This is what we like to think makes for true freedom in life. We went the distance alone. We faced the hardships independently and overcame. We made our own decisions and were subject to no one.
The Bible, however, describes the concept of liberty quite differently. It describes an independence predicated on dependence.
For the Christian, there is no question of ownership. The apostle Paul admonished believers, “You are not your own; you were bought with a price” (1 Corinthians 6:19-20).
Many decades ago when slavery was still legal, a young mulatto girl was being sold at an auction. The young woman was tall and slender and quite beautiful. So the bidding was fast and furious, and quickly mounted higher and higher until there were only two men left bidding for her ownership.
One man was a low, uncouth fellow who would curse profanely each time he raised his bid. The other gentleman was a quiet man of refinement who persistently competed until his bid prevailed. Afterward, the auctioneer brought the necessary papers of ownership to the graceful gent.
With a shove, the auctioneer presented the woman to her new master.
Proudly yet defiantly, she stood before him, hating him with every fiber of her being. Suddenly, an unexpected change came over her face; first there was a look of pure amazement closely followed by one of incredible incredulity. Right before her very eyes, her owner was tearing up the papers of possession, and with a smile of kindness, said to the now trembling woman, “My dear, you are free. I bought you that I might liberate you.”
Too stunned for speech, the young woman simply stared for the longest time at her benefactor, until finally with a cry of profound joy too deep for words, she cast herself at the man’s feet and with tears streaming down her face exclaimed, “Oh master, I will love you and serve you for life!”
This is the kind of freedom described in the gospel message. We are liberated by God through Jesus Christ’s sacrifice on the cross - not to leave Him or to go our own way, but astonished by His mercy and goodness we stay and serve by choice.
Is it any wonder that it was those who had experienced the internal freedom they had come to know in Christ that first established a civil liberty that would spread around the world?
This Christian concept of freedom was the spark, the flame of the American idea.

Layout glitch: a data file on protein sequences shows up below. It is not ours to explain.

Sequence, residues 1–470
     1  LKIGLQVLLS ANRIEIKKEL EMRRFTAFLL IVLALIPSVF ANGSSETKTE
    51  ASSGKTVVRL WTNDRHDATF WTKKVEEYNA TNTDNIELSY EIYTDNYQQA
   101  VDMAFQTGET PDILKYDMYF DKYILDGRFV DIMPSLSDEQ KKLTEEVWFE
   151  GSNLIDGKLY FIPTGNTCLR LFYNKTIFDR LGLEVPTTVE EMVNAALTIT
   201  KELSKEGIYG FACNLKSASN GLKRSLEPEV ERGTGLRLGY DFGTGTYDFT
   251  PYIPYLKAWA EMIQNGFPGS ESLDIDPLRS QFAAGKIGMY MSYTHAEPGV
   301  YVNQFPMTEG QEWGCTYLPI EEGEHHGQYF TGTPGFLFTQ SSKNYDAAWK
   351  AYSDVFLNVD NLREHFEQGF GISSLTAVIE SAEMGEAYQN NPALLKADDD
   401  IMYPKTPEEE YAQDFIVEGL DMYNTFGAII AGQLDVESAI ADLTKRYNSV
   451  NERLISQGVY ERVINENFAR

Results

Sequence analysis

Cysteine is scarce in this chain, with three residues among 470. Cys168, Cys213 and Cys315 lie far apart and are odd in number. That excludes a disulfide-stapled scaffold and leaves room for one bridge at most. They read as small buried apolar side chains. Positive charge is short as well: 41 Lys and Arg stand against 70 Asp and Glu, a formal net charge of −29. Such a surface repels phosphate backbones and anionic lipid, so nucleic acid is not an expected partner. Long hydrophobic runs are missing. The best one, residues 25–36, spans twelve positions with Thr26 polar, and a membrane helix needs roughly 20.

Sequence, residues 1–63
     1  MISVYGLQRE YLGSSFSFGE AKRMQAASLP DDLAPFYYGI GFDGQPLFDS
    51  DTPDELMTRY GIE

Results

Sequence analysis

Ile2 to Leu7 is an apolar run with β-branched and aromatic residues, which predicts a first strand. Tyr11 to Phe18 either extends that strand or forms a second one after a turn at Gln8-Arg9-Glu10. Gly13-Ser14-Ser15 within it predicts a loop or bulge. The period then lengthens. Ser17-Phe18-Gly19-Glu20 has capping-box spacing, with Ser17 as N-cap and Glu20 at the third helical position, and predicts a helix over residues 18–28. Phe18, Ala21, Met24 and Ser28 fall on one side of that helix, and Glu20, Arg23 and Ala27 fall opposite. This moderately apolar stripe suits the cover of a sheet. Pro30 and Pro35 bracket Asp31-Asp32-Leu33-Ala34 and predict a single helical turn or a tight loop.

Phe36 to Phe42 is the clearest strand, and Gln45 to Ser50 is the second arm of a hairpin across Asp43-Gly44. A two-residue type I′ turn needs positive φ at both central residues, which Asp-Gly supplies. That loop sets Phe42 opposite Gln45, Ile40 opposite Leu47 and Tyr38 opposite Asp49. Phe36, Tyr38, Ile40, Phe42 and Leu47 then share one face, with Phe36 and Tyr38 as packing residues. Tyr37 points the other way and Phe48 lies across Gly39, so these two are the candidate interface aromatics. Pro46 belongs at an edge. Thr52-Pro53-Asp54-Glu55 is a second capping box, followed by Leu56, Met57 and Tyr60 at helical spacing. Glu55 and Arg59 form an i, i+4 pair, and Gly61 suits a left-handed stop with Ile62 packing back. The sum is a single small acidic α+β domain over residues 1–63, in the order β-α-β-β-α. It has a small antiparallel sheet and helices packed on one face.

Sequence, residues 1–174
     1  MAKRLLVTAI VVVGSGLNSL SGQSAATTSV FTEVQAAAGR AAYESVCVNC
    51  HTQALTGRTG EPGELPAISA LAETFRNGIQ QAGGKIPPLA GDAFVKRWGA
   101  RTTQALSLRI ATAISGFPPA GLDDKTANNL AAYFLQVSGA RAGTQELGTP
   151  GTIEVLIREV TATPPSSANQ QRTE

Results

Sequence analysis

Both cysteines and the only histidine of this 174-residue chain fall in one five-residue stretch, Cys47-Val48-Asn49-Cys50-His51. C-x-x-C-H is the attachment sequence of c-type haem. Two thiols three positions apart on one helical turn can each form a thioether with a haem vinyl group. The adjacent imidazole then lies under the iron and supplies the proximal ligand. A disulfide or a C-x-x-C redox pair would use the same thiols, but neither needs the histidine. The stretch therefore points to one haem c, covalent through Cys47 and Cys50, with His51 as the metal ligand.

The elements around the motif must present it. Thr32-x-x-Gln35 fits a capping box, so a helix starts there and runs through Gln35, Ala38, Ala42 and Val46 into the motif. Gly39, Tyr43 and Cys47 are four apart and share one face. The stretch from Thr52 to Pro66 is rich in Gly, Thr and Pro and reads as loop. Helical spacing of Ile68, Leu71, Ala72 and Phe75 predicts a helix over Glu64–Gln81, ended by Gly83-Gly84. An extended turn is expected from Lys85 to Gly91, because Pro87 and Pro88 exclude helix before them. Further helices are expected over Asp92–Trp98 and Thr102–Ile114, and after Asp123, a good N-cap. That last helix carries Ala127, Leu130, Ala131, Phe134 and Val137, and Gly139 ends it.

George Washington said no nation was bound to acknowledge more the invisible hand, the providential goodness of God in the advancement of liberty than the United States.
In 1851, when reviewing the history of our great nation, Daniel Webster referenced the Christian religion while also affirming its connection between the spiritual and the civil, saying:
“Let the religious element in man’s nature be neglected … let him be influenced by no higher motives than low self-interest, and subjected to no stronger restraint than the limits of civil authority, and he becomes the creature of selfish passions or blind fanaticism … On the other hand, the cultivation of the religious sentiment represses licentiousness … inspires respect for law and order, and gives strength to the whole social fabric, at the same time that it conducts the human soul upward to the Author of its being.”
Charles Malik, one-time Lebanese ambassador to the United States and the United Nations, declared:
“The good in the United States would have never come into being without the blessing and the power of Jesus Christ … I know how embarrassing this matter is to politicians, bureaucrats, businessmen and cynics: but, whatever these honored men may think, the irrefutable truth is that the soul of America is at its best and highest Christian.”
True freedom, whether internal or external, is not given that we might spend it carelessly upon our own lusts. But the liberty that comes from God, the liberty that sustains the heart, as well as a nation, is a gift from God that we might choose the measure and depth of our devotion to His purposes.
Our independence is predicated upon our commitment to dependence – dependence on God.
(EDITOR’S NOTE – Mark Creech is executive director of the Raleigh-based Christian Action League of North Carolina, Inc.; www.christianactionleague.org.)

7/1/2014 10:48:28 AM by Mark Creech, Christian Action League of North Carolina, Inc. | with 0 comments